Notably, this study only recruited households with at least one member with confirmed Covid-19. While this ensures proper control comparison since household members tend to be more similar than unrelated people, it could also introduce sampling bias. In fact, this study also found that the risk of moderate-to-severe long-Covid of a person increased by 12% for every additional moderate-to-severe long-Covid person in their household.
So, some confounding variable is likely involved. For instance, parents with more severe long-Covid symptoms may report that their child had the same or may negatively affect their child’s health. Or it could be vice-versa where long-Covid in the child add further stress to long-Covid in the parents. Or certain genetic factors predispose certain households to more severe long-Covid.
It may thus be reasonable to discount the prevalence of moderate-to-severe long-Covid in this study by 10% to generalize it to the general population; that is, an excess of 12% in women, 3% in males, and 13% in adolescent girls. Again, assuming severe is rarer than moderate long-Covid, the prevalence of excess severe long-Covid could be lesser, presumably <10%.
(iv) Data from Denmark
(iv) In one nationwide study in Denmark, 61,002 Covid-positive and 91,878 Covid-negative cases were investigated. Participants were at least 15 years old, with a median age of 50, and 61% were females.
At 6–12-month, 29.6% of Covid-19 survivors experienced long-Covid symptoms versus 13% in non-Covid controls. Of the Covid-19 survivors, 4% were hospitalized and 96% were not, and previously hospitalized survivors had a higher risk of long-Covid, consistent with many other studies showing increasing long-Covid rates and severity with increasing Covid-19 severity.
At 6–12-month, 12% of Covid-19 survivors took at least one sick leave compared to 7.7% in the non-Covid control group, giving an excess of 4.3%. For full-time sick leave, the numbers were 9.4% and 6.5%, respectively, an excess of 2.9%. And full-time sick leave is likely a better indicator of severe long-Covid than self-reported long-Covid symptoms.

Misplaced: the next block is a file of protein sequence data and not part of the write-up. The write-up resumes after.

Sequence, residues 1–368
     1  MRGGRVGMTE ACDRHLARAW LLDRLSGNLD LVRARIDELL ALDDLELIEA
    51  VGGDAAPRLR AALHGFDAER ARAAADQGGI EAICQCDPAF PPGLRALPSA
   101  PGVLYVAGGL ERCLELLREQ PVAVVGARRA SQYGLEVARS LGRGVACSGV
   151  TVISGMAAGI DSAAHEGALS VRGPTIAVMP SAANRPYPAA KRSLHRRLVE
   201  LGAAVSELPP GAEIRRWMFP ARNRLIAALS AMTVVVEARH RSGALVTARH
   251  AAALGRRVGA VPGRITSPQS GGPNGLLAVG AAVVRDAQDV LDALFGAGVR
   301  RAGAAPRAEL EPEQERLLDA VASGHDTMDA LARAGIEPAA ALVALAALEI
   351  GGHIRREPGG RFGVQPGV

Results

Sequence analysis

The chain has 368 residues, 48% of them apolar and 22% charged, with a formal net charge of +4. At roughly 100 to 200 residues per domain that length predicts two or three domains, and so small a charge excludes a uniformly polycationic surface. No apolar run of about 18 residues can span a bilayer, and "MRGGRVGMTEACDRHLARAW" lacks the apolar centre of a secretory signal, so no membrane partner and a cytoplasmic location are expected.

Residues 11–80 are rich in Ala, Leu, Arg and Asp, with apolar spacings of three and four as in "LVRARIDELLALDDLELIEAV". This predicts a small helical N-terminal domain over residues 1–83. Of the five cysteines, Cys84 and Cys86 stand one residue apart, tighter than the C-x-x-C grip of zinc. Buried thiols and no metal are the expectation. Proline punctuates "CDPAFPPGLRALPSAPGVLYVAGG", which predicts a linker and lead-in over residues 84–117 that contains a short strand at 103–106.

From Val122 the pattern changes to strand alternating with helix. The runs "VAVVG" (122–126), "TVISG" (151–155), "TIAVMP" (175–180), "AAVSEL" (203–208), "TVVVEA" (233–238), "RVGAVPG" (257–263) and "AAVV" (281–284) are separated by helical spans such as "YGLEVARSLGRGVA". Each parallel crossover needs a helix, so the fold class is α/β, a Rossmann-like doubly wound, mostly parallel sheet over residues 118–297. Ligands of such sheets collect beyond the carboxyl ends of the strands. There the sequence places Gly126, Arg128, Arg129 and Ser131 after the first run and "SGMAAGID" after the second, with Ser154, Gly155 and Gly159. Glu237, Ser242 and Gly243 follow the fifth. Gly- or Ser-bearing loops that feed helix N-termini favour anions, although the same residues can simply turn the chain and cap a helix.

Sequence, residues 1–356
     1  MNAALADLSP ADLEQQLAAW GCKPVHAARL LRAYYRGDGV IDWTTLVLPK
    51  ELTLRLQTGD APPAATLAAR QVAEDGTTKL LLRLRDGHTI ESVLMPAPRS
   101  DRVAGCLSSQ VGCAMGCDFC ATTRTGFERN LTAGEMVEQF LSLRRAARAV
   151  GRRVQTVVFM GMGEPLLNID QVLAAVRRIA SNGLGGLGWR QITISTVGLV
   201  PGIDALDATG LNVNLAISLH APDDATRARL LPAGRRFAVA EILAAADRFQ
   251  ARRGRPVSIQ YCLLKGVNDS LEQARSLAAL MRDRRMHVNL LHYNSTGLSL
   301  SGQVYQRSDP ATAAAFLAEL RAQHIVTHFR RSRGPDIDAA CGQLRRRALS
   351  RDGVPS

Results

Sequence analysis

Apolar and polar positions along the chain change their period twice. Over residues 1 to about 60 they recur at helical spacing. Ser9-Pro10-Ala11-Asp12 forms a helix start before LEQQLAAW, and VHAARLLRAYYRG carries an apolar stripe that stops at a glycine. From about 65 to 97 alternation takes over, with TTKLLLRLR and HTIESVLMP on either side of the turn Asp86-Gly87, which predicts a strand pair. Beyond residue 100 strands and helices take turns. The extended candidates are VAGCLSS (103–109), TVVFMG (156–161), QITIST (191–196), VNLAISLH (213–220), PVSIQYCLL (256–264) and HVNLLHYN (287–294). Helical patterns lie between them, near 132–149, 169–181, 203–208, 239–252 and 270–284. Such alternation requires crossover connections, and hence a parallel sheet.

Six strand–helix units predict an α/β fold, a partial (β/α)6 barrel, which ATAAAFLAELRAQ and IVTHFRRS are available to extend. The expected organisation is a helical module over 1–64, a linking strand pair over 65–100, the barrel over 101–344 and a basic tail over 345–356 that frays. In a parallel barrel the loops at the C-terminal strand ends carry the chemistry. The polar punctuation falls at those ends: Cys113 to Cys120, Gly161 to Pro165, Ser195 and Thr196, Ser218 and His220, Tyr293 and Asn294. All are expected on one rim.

At 6–12-month, Covid-19 survivors also had 2.5%, 1.2%, 1%, and 0.6% excess cases of diagnosed chronic fatigue syndrome, anxiety, depression, and post-traumatic stress disorder. Such disorders are also a fair proxy of severe long-Covid since they impose major impediments in daily functioning.
But this study had 260,637 non-responders. Compared to non-responders, responders (or participants) were more often females, older (50–70 years old), working in healthcare, and living outside the capital. So, some level of sampling bias could be present, given that female sex and older age are known risk factors of long-Covid in this study as well as others. As a result, people with long-Covid might be more likely to participate in this study than those without, overestimating the long-Covid prevalence to some extent.
One could argue that people with severe long-Covid may be less likely to respond to study participation since it could require a huge amount of effort. But 260,638 non-responders is a big number; 430,173 individuals were invited to participate, so that over a 50% decline rate. Most of them shouldn’t have long-Covid so severe that they can’t participate in the study.
The most prudent estimate
After researching and writing this article, I think severe long-Covid that markedly disrupts daily functioning occurs at the rate of 1–5 cases per 100 Covid-19 cases. Such rate increases by up to ~2–3-times with more severe Covid-19, female sex, pre-existing diseases, older age, and no vaccination.
Even so, long-Covid is still a potentially debilitating condition that can rob one’s quality of life indefinitely, a risk best avoided. So, avoid indoor crowds without masks and proper air ventilation, and get vaccinated, especially if you are at high risk of severe Covid-19 or severe long-Covid.
Given the massive scale at which Covid-19 inflicts people, sometimes more than once per person, long-Covid is a serious matter at the public health level. Risks, even if low, can add up to enormous heights.
At the individual level, however, the risk of severe long-Covid should be multiplied by the risk of getting Covid-19, which varies greatly depending on geography, public health policy, personal behavior, and vaccination status.
Assuming 5–10% of the general population gets Covid-19 at one year, the risk of severe long-Covid would be 0.05–0.5% (0.05–0.1 * 0.01–0.05 = 0.0005–0.005) per year per person. But assuming everyone gets at least one episode of Covid-19 at some point in their life, their lifetime risk of severe long-Covid would be 1–5% (1 * 0.01–0.05 = 0.01–0.05) per person.
Again, such risks would increase, probably by about 2–3-times, with more severe Covid-19, female sex, pre-existing diseases, older age, and no vaccination.
But in the end, these numbers are just estimates. Risks are complicated, which depend on one’s risk profile and situations. Scientific data are always shades of grey; answers are always not clear-cut. After all, no study is perfect, and the best we can do is infer something practical from dissecting several studies.